At first the kids tiptoed through the doorway one at a time, taken by surprise by the 25-foot-long spider that had taken over the gym. But soon they were all running past the creature made of black balloons to the games, crafts, and tables piled high with treats.
Held at New York City’s Dunlevy Milbank Center, the Halloween Party entertained more than 150 kids from schools all around Harlem. Working alongside the nonprofit Children’s Aid, the event was hosted by WeWork.
In past years WeWork has thrown a costume party for its members. But this year many employees said they wanted to find a way to give back to the community.
The idea of teaming up with Children’s Aid came from Eugene Clowney, community lead at WeWork Harlem. Growing up in the neighborhood, he had attended other Halloween parties thrown by the organization.
“Having WeWork sponsor an event like this is the most amazing feeling in the world,” said Clowney. “I mean, I will always be a kid from Harlem.”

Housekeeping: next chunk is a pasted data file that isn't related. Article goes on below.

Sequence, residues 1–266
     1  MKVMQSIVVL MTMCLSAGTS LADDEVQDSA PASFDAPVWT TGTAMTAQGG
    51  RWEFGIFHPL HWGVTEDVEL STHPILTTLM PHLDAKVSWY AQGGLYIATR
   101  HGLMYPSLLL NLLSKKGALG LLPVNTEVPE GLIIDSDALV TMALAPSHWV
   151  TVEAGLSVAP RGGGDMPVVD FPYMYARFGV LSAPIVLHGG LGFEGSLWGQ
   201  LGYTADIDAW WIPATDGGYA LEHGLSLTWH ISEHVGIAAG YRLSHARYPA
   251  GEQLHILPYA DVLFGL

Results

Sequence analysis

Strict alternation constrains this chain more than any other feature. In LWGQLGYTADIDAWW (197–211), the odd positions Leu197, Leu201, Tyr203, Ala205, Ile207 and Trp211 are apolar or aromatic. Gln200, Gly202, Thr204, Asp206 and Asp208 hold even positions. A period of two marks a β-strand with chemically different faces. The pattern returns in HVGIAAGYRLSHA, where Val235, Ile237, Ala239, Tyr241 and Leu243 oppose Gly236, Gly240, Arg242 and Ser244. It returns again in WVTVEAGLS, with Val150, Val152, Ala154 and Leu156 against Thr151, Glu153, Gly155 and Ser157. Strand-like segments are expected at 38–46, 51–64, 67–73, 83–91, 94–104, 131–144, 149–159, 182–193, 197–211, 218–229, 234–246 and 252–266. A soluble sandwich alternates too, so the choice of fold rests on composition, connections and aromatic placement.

The roomful of skeletons, pirates, and superheroes decorated trick or treat bags, tumbled around in a bounce house, and wandered through a truly scary haunted house that WeWork volunteers had put together in the basement the night before. Three girls, all dressed as Wonder Woman, screamed in delight as they encountered ghosts, ghouls, and other creatures around every corner. Another girl called it the “best party ever,” as long as she didn’t have to go in the haunted house.
WeWork member Silicon Harlem provided thrills and chills of the digital kind with virtual reality headsets that let kids wander through a haunted mansion. And dancers with Elise Monte Dance, another WeWork member, performed for the students throughout the afternoon.
One special guest was Scruff McGruff, who accompanied members of the New York Police Department. As the crime-solving dog posed for photos, officers gave kids tips for trick or treating. They all went home with safety kits—including a flashlight, reflectors, and a safety check list—put together by WeWork staffers.Children’s Aid is a New York City-based nonprofit focusing on child welfare. In attendance were kids between 4 and 14 from several local schools: Success Academy Harlem 1, Future Leaders Institute Charter School, Harlem Hebrew Language Academy Charter School, Sisulu-Walker Charter School of Harlem, St. Paul’s School, P.S. 811, and P.S. 149.
Photos by Nadav Havakook